Ghostbusters

From Academic Kids

Template:Infobox Movie Template:Alternateuses Ghostbusters (sometimes written Ghost Busters) is a 1984 sci-fi comedy film about three parapsychologists who are fired from a New York City University, and start up their own business investigating and eliminating ghosts.

It was followed by a sequel, Ghostbusters II, in 1989 and two cartoon series, The Real Ghostbusters and Extreme Ghostbusters.

Contents

Plot

At first, the clients are few and far between, and the Ghostbusters must depend on their individual talents to keep the business alive: Egon Spengler (Harold Ramis) is a scientific genius, Raymond "Ray" Stantz (Dan Aykroyd) is an expert on paranormal history, and Peter Venkman (Bill Murray), although in some ways a scientific charlatan, has charm and business savvy. Soon, business starts to pick up, due not only to the Ghostbusters building a reputation for themselves, but also due to increased supernatural activity, which turns out to be a direct result of the rise of Gozer, the ghost of a possibly demonic ruler from ancient times. The Ghostbusters add a fourth member to their team -- the blue-collar Winston Zeddemore (Ernie Hudson) to deal with the rapidly increasing workload, but it soon becomes apparent to the Ghostbusters that they are headed toward a climactic confrontation with Gozer. Although he initially comes off as a bit of a goof and sleaze, Venkman eventually finds a (subtly) heroic side to himself when he learns that Gozer and his minions are haunting the apartment of Dana Barrett (Sigourney Weaver), a client who has become the object of Venkman's lustful (and possibly deeper) intentions.

Franchise history

Missing image
Ghostbusters.png
Ghostbusters logo ©1984 Columbia Pictures Indsutries, Inc.

The concept was inspired by Aykroyd's own fascination with the paranormal, and conceived by Aykroyd as a vehicle for himself and friend and fellow Saturday Night Live alum John Belushi. The original story as written by Aykroyd was much more ambitious -- and unfocused -- than what would be eventually filmed; in Aykroyd's original vision, a group of Ghostbusters would travel through time, space and other dimensions taking on huge ghosts.

Aykroyd pitched the story to director/producer Ivan Reitman, who liked the basic idea but immediately saw the budgetary impossibilities demanded by Aykroyd's first draft. At Reitman's suggestion, the story was given a major overhaul, eventually evolving into the final screenplay, which Aykroyd and Ramis had hammered out over the course of a few months in a Martha's Vineyard bombshelter. In addition to Aykroyd's high-concept basic premise and Ramis's skill at grounding the fantastic elements with a realistic setting, the film benefits from Murray's semi-improvisational performance as Venkman, the character initially intended for Belushi (who had died of a drug overdose while Aykroyd and Ramis were still working on the script). The extent of Murray's improvisation while delivering his lines varies wildly with every re-telling of the making of the film; some say he never even read the script, and improvised so much he deserves a writing credit, while others insist that he only improvised a few lines, and used his deadpan comic delivery to make scripted lines seem spontaneous.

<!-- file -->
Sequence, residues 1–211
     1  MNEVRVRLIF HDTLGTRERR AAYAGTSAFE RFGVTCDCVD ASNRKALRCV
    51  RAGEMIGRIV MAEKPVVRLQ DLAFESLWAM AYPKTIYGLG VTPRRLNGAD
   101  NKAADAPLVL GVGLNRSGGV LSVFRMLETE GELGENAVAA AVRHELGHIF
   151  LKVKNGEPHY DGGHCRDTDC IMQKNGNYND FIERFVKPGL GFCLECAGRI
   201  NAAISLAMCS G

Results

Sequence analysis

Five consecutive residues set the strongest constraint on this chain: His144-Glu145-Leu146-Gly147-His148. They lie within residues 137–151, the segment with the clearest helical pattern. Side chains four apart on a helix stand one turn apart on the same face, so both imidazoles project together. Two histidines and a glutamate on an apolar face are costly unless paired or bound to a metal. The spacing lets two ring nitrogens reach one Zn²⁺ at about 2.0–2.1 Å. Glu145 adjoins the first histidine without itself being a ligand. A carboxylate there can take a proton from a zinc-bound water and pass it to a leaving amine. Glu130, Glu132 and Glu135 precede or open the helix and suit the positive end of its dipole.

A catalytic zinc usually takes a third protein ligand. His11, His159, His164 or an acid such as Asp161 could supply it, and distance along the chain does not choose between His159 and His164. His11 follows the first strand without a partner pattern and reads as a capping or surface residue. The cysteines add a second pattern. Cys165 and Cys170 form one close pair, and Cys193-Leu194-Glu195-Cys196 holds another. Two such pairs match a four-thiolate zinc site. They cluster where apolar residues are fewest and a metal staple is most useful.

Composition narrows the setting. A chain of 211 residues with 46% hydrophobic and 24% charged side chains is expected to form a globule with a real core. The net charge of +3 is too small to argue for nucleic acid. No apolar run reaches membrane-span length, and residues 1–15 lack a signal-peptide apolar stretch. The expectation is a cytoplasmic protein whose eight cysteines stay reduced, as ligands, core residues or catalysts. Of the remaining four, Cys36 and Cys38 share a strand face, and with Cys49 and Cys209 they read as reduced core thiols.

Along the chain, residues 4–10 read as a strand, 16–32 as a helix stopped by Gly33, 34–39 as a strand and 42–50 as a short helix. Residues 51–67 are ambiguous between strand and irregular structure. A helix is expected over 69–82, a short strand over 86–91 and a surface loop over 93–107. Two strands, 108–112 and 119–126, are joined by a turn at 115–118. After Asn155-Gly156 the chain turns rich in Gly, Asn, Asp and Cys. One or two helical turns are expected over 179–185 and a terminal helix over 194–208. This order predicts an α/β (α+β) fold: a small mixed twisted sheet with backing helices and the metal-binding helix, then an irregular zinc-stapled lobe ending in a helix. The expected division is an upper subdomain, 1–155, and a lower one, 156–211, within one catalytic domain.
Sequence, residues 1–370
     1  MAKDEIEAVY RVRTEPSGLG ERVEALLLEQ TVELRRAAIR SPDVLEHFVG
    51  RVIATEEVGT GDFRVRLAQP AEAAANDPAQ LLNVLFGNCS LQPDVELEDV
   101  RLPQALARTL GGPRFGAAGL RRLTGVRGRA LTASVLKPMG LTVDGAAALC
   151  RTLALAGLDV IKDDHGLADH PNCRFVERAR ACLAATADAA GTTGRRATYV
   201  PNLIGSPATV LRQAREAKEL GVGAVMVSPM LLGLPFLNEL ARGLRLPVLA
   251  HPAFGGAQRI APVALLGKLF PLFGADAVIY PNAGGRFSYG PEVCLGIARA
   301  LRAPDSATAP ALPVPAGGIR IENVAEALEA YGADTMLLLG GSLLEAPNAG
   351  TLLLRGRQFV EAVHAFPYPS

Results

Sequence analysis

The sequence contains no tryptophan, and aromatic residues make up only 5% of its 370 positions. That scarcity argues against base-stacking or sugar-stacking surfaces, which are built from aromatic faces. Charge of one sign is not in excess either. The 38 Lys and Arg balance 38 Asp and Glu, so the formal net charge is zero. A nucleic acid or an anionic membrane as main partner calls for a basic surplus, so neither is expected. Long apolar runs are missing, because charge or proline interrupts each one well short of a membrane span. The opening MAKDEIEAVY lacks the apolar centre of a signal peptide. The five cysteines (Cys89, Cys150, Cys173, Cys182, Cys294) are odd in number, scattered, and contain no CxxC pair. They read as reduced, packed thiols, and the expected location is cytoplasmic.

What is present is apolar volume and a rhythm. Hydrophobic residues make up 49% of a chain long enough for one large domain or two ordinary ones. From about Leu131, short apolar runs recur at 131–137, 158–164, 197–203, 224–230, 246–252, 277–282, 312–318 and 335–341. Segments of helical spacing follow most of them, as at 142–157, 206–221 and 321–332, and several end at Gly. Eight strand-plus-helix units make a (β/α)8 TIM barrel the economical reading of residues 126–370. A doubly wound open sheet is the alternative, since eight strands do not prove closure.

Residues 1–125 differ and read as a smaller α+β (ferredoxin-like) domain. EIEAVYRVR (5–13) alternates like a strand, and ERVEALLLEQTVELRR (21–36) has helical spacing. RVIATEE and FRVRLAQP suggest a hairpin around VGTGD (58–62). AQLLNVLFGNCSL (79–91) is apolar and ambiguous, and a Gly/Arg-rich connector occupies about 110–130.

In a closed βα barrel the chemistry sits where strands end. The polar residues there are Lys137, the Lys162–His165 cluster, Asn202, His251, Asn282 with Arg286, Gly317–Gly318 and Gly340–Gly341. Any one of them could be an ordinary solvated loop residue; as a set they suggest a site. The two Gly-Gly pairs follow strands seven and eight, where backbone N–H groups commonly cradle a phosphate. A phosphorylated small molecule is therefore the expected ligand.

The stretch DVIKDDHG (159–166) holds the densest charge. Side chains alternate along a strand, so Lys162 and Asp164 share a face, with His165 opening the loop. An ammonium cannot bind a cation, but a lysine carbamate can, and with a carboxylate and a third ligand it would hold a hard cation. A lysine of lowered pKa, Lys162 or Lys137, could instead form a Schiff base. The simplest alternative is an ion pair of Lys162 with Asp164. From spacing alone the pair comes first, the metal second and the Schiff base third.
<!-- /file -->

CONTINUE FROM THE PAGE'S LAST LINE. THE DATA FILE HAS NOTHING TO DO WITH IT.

Among the featured New York locations were Columbia University, the New York Public Library, still very much active Hook & Ladder 8, Central Park West, Tavern on the Green in Central Park, Lincoln Center, inside a defunct New York jail and various street locations for the montages. The interior of the firehouse was done in LA's Fire Station 23, the basement of the Library was substituted by a LA library, the Biltmore Hotel in LA served as the lobby and entrance for the Sedgewick Hotel, while the other locations were on sound stages.

Gozer's temple was the biggest and most expensive set ever to be constructed at that time. In order to properly light it and create the physical effects for the set, other stages needed to be shut down and all their power diverted over to the set. The hallway sets for the Sedgewick Hotel were originally built for the movie Rich and Famous in 1981 and patterned after the Algonquin Hotel in New York City, where Reitman originally wanted to do the hotel bust. The Biltmore was chosen because the large lobby allowed for a tracking shot of the Ghostbusters in complete gear for the first time. Dana Barrett and Louis Tully's apartments were constructed across two stages and were actually on the other side of their doors in the hallway, an unusual move in filmmaking.

A problem arose during filming when it was discovered that a show was produced in 1975 by Filmation for CBS called Ghostbusters, starring Larry Storch and Forrest Tucker (see the article The Ghost Busters). As a result, if Columbia could not secure the name alternate ones were made up and ready to be used. However, during the filming of the crowd for the final battle, the extras were all chanting "Ghostbusters" causing the producers to ensure the studio got the name. And they did. Ghostbusters was released in the United States on June 8, 1984, starring Bill Murray, Rick Moranis, Sigourney Weaver, Annie Potts and Ernie Hudson, and grossed over $290 million worldwide during its theatrical run. A video game based on the movie was released by Activision for the Atari gaming system.